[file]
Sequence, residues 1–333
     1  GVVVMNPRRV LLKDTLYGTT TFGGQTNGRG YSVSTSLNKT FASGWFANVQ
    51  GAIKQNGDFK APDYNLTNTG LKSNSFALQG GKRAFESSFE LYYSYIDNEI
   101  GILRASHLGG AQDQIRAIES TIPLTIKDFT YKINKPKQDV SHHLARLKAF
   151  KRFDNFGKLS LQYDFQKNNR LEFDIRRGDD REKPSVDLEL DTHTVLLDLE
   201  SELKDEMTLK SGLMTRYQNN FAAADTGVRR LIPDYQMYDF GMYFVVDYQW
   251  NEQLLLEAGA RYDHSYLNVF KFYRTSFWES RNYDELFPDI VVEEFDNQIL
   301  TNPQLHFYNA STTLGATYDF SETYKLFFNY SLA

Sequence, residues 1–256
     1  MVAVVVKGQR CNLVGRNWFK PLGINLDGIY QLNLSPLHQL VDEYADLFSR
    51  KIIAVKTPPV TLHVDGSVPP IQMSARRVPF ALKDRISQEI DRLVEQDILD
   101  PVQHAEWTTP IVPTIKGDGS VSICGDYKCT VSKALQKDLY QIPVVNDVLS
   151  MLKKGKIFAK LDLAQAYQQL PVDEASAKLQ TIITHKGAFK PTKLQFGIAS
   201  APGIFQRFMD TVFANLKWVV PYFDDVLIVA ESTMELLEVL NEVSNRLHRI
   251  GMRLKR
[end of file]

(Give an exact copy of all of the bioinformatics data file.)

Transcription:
Sequence, residues 1–333
     1  GVVVMNPRRV LLKDTLYGTT TFGGQTNGRG YSVSTSLNKT FASGWFANVQ
    51  GAIKQNGDFK APDYNLTNTG LKSNSFALQG GKRAFESSFE LYYSYIDNEI
   101  GILRASHLGG AQDQIRAIES TIPLTIKDFT YKINKPKQDV SHHLARLKAF
   151  KRFDNFGKLS LQYDFQKNNR LEFDIRRGDD REKPSVDLEL DTHTVLLDLE
   201  SELKDEMTLK SGLMTRYQNN FAAADTGVRR LIPDYQMYDF GMYFVVDYQW
   251  NEQLLLEAGA RYDHSYLNVF KFYRTSFWES RNYDELFPDI VVEEFDNQIL
   301  TNPQLHFYNA STTLGATYDF SETYKLFFNY SLA

Sequence, residues 1–256
     1  MVAVVVKGQR CNLVGRNWFK PLGINLDGIY QLNLSPLHQL VDEYADLFSR
    51  KIIAVKTPPV TLHVDGSVPP IQMSARRVPF ALKDRISQEI DRLVEQDILD
   101  PVQHAEWTTP IVPTIKGDGS VSICGDYKCT VSKALQKDLY QIPVVNDVLS
   151  MLKKGKIFAK LDLAQAYQQL PVDEASAKLQ TIITHKGAFK PTKLQFGIAS
   201  APGIFQRFMD TVFANLKWVV PYFDDVLIVA ESTMELLEVL NEVSNRLHRI
   251  GMRLKR